Sunil Kaushal says the two currencies should stay linked, despite economies sometimes becoming out of sync
While the pegging of the UAE dirham to the US dollar often means that local authorities do not have full control over their economic strategy, especially when the two economies are not in sync, the peg should remain, according to Standard Chartered’s regional CEO for Africa and the Middle East.
Sunil Kaushal, who was previously the bank’s regional CEO for India and South Asia, started his position in Dubai as regional CEO for Africa and the Middle East in October 2015.
At that time, with oil prices hoovering below $30, the Gulf economies were in austerity mode and many governments were reining back their spending plans. At the same time, the United States economy was in a healthier state. Therefore, the Federal Reserve’s policy of raising interest rates was not something the UAE would have appreciated.
“The US was on a roll… interest rates were going up as a result, and interest rates had to go up in this part of the world too, but the underlying economies were not growing at the same pace, or not in the same situation... So, you had the monetary policy, which was determined by what happened in the US, not in sync with the economic reality [in the UAE]. That had an impact,” Kaushal told Arabian Business in an interview at the company’s regional headquarters in Dubai.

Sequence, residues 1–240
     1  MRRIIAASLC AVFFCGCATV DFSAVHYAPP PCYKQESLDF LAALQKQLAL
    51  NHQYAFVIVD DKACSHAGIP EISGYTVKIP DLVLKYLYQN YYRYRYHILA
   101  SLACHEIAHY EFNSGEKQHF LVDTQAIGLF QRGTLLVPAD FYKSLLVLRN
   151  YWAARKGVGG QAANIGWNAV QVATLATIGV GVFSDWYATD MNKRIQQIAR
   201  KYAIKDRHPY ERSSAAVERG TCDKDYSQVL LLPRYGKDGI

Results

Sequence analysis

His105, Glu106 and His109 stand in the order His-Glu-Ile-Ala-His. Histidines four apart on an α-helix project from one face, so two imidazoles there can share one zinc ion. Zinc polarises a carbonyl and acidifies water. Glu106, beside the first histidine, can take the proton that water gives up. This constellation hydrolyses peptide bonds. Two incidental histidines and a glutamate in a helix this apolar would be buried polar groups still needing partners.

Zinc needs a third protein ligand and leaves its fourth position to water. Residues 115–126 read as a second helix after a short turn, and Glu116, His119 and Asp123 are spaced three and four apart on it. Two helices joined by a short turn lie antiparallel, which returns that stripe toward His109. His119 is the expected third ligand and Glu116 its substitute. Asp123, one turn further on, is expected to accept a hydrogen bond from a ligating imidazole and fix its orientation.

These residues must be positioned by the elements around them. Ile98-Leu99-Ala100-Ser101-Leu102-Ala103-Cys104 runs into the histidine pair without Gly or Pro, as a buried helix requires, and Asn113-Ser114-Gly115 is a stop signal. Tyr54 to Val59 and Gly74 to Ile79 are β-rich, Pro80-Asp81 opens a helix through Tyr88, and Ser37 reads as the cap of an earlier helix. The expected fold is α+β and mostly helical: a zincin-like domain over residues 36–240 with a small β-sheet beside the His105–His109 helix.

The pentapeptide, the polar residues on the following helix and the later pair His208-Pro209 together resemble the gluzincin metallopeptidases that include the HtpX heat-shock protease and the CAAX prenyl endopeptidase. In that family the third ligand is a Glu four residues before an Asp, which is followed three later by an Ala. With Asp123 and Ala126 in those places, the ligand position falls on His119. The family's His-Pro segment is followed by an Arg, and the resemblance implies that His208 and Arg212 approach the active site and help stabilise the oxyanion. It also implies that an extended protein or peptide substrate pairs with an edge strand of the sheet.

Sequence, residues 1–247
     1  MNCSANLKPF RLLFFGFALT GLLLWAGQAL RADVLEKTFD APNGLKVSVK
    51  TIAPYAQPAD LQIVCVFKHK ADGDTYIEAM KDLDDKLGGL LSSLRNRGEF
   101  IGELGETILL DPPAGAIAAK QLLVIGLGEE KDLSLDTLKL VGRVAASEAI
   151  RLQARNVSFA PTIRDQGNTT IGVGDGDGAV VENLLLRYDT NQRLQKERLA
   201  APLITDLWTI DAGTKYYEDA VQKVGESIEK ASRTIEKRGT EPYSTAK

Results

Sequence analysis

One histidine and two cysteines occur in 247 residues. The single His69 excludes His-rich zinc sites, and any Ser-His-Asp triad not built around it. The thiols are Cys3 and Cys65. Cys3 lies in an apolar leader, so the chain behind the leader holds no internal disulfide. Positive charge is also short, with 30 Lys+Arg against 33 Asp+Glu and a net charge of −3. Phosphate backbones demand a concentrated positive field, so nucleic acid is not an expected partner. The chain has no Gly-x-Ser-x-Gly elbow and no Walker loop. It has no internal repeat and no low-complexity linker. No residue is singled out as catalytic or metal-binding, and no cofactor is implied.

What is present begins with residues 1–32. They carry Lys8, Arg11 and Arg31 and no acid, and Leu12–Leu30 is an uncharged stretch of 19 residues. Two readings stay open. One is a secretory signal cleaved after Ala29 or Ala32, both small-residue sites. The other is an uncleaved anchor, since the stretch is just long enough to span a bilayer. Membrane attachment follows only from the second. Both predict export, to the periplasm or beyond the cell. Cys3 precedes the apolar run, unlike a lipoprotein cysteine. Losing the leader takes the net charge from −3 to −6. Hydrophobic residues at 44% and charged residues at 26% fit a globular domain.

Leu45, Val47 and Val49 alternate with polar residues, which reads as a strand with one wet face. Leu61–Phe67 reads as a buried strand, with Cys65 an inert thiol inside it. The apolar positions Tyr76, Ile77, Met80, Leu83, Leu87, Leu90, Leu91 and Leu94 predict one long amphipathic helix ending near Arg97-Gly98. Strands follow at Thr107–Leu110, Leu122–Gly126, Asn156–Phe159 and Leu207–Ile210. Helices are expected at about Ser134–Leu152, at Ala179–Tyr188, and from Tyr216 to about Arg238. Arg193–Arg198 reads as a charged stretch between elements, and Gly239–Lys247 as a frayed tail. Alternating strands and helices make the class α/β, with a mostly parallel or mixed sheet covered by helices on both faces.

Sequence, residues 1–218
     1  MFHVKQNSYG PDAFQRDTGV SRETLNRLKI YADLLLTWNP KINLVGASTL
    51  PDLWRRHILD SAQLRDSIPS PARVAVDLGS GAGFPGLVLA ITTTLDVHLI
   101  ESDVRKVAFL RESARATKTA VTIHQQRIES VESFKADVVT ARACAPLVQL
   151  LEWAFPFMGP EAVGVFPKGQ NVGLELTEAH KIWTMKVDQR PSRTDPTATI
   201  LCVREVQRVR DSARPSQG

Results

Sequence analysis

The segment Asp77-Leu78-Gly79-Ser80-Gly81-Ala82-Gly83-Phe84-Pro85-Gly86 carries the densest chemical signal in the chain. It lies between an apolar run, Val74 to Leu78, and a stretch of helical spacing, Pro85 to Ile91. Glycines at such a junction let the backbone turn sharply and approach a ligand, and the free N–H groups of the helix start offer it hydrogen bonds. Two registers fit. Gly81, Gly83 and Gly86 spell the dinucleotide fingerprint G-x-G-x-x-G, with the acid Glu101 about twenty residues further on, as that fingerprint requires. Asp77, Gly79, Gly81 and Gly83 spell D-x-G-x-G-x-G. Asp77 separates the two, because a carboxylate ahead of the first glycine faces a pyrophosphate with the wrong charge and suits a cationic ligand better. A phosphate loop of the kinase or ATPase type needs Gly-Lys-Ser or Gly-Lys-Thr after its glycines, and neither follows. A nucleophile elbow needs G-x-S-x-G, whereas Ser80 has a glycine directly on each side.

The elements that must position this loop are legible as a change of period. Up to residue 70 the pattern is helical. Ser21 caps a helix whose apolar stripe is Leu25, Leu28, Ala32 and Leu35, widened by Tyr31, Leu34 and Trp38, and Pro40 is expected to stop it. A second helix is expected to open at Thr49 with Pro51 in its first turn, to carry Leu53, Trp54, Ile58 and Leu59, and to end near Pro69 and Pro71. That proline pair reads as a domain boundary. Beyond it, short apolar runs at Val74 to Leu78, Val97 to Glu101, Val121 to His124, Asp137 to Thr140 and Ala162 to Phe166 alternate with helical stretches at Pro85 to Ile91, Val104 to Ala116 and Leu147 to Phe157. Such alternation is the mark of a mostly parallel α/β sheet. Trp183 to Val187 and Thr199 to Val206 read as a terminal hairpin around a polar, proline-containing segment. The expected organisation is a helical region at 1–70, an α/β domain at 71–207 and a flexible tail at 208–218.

While the pegging of the UAE dirham to the US dollar has caused issues, Kaushal said he was still in favour of keeping the status quo and did not agree with some analysts who have called to depeg the two currencies.
“I think we believe in the peg. I don't think the peg is going to go away,” he said.
Earlier this month, US President Donald Trump hit out at the Federal Reserve for not lowering interest rates, claiming it was restricting economic growth in the US.
“Our country continues to do really well, really, really well. So we're very happy about it. I think we're going to be breaking records,” he told reporters on July 5. “If we had a Fed that would lower interest rates, we'd be like a rocket ship, but we're paying a lot of interest and it's unnecessary. But we don't have a Fed that knows what they're doing.”
Markets are betting on the fact the Fed will make its first rate cut since the financial crisis a decade ago, but, Fed chairman Jerome Powell, doesn’t seem too convinced.
Kaushal is hoping the Fed follows Trump’s demands and starts to lower interest rates.
“The view is now that interest rates are going to come down in the US and the cycle has turned. We have taken the brunt of it and now the cycle is turning and the view is, as early as July, you may see interest rates coming in, which will put a semblance of more balance between the economic reality and the interest rates,” he said.
Read the full interview with Sunil Kaushal in Arabian Business magazine on July 14.